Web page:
NEWARK, Calif. - July 10, 2017 RMS, a global risk modeling and analytics firm, today announced a substantial expansion of its suite of modeling solutions for the Asia-Pacific region. New models include the RMS® South Korea Typhoon Model and the RMS® Taiwan Typhoon Model, adding to the existing typhoon models in the region, for Japan and China. For analyzing seismic risk, the Version 17 update includes four new models: the RMS® Vietnam Earthquake Model, the RMS® Singapore Earthquake Model, the RMS® Malaysia Earthquake Model and the RMS® Thailand Earthquake Model, which sit alongside earthquake risk models for seven other major economies in the region.
Mohsen Rahnama, RMS chief risk modeling officer, said “the scope of new models our teams are bringing to the Asia-Pacific market is unprecedented, and RMS is now able to offer typhoon and earthquake risk analysis across multiple countries in the region, enabling clients to grow and diversify their portfolios with confidence, using the market-leading science and analytics for which RMS is known.”
The most sophisticated typhoon models for South Korea and Taiwan on the market
The new RMS South Korea and Taiwan Typhoon Models give clients the analytics needed for improved risk selection and pricing, offering a comprehensive view of risk using the latest science to represent the full spectrum of severe storms that could bypass or make landfall. In addition to wind, typhoon flood risk is explicitly modeled by RMS in these territories – as it now is in Japan – including rainfall-driven inland flooding as well as coastal storm surge – all modeled at a high spatial resolution. The new RMS models help clients to identify the most profitable locations for writing new business, and to determine which areas are driving losses, with the tail risk from typhoon-driven flooding reflected in the models robustly. This ensures clients can analyze the vast majority of potential losses at longer return periods, and so calculate their capital requirements and reinsurance needs more confidently.
The models also allow for a highly granular differentiation of building vulnerability, reflecting different heights and construction types, with unique insights on the local insurance market and historical losses based on extensive RMS collaboration with local insurers on the ground.
“We have used all our experience and expertise from tropical cyclone modeling across the globe to develop these new models for South Korea and Taiwan,” said Rahnama. “Although non-life premium growth in these territories has been strong, penetration remains low and this is a significant opportunity for insurers and reinsurers to bridge this protection gap, if they have the most robust understanding of the risk. RMS is now providing that.”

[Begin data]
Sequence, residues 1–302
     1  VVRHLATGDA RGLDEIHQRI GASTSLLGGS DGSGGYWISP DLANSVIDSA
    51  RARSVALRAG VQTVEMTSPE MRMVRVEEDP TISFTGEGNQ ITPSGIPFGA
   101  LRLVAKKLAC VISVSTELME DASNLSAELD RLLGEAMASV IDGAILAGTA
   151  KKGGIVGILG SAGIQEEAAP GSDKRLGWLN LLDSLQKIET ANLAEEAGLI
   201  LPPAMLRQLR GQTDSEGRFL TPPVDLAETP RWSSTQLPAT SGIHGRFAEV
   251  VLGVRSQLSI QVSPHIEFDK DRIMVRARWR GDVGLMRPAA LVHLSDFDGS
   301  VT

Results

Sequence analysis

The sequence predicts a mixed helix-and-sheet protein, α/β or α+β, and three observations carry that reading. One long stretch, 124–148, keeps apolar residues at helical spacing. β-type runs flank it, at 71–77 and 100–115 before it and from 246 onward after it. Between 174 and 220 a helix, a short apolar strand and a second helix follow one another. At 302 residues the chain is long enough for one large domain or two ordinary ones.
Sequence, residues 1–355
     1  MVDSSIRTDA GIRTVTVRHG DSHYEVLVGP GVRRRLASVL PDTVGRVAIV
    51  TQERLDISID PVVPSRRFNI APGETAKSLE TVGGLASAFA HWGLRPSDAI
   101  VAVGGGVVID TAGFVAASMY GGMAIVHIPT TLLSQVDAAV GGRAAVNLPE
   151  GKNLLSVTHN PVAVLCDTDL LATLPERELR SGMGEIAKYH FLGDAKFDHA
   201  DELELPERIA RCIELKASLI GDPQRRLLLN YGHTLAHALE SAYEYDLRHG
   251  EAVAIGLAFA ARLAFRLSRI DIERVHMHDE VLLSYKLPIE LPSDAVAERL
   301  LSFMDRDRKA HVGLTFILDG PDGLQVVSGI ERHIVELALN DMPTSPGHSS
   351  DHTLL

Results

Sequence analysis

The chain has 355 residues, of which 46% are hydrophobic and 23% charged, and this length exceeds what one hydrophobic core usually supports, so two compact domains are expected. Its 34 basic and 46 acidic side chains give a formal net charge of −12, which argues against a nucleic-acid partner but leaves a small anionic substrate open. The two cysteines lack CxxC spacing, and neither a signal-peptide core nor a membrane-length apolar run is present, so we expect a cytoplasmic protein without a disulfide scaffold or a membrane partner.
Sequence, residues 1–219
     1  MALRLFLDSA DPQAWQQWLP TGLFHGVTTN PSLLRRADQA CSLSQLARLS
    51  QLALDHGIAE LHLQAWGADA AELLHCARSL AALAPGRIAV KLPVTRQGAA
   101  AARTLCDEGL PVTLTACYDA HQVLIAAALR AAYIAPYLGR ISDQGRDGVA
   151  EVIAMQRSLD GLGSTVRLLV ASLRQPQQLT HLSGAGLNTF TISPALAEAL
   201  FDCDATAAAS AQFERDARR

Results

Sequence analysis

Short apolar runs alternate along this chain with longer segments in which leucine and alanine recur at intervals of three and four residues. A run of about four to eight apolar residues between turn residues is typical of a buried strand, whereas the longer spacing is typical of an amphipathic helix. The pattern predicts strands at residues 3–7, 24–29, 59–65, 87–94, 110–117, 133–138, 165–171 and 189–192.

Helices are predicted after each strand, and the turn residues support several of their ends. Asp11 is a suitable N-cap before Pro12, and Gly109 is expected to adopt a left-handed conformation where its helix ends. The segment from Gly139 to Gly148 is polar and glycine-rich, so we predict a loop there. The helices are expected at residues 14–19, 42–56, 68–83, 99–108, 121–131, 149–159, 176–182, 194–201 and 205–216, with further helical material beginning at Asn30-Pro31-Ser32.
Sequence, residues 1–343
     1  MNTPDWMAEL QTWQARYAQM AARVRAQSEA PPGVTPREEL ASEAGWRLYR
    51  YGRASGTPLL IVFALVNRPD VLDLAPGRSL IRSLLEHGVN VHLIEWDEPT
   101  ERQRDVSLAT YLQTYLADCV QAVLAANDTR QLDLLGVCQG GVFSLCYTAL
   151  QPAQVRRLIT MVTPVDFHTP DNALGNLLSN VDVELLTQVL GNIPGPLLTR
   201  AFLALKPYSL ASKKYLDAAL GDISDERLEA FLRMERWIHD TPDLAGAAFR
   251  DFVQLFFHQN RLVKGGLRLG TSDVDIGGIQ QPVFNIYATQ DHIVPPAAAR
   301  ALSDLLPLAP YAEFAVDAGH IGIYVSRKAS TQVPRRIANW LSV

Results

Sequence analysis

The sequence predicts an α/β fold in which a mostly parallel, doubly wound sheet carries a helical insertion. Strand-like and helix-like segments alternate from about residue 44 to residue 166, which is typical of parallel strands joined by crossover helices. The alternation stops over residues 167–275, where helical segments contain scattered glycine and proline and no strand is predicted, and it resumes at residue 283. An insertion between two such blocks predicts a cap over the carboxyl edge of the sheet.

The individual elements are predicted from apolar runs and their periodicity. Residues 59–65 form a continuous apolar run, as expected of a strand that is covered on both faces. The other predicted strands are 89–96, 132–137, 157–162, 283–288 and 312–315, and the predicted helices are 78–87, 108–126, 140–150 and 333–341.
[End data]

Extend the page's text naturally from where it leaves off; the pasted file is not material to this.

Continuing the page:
RMS’ typhoon modeling for the western North Pacific also includes China & Hong Kong, Japan and Guam, in addition to Taiwan and South Korea.
State-of-the-art view of seismic hazard across Southeast Asia to differentiate risk precisely
RMS’ heavy investment in modeling solutions for Asia-Pacific also includes four new earthquake models for Southeast Asia: in Singapore, Malaysia, Thailand and Vietnam – which join existing models for the Philippines and Indonesia, meaning that RMS now models earthquake risk across six countries in Southeast Asia. These will enable clients to accurately assess portfolio accumulations, reinsurance capacity, capital requirements, and the risk to large accounts, because the correlation and diversification of risk across and between countries can now be viewed consistently throughout this fast-growing region. This capability will help firms achieve strategic growth objectives.
There are large variations in earthquake risk in Southeast Asia, a region which is developing and urbanizing rapidly. The new and updated models will allow clients writing business there to price with greater confidence by capturing the differences in seismic risk, building types and exposure concentrations. The RMS Southeast Asia Earthquake Models include an assessment of building characteristics, such as height, and the type of soil on which they are constructed, and incorporate over 1,000 country-specific vulnerability functions to differentiate their impact on potential losses.
Rahnama added: “With Southeast Asia among the fastest developing regions in the world, there is a huge opportunity for our clients to underwrite this increasing exposure if they can accurately represent potential future losses from individual risks to treaty reinsurance. These new earthquake models will help them to do this. They can use the same view of risk for portfolio and accumulation management, so safely expanding their business. Together with our other regional earthquake models for Taiwan, China, Japan, New Zealand and Australia, our clients now have the deepest insights into seismic risk across the Asia-Pacific region.”
The release of new typhoon and earthquake models for the Asia-Pacific region further demonstrates RMS’ strategic focus on helping clients close the coverage gap and take advantage of the region’s growth. It follows on from the addition in March 2017 of agricultural risk models for India and China to its growing line of emerging risks models. Furthermore, RMS is currently developing a flood model for India which will help (re)insurers manage high losses caused by both river and pluvial flooding from intense rainfall which, as Mumbai showed in 2005 and Chennai in 2015, is a major problem in principal cities. This is due to recent urban growth, which exacerbates flood risk, and higher levels of insurance penetration. This fully probabilistic flood model for India is due for release next year.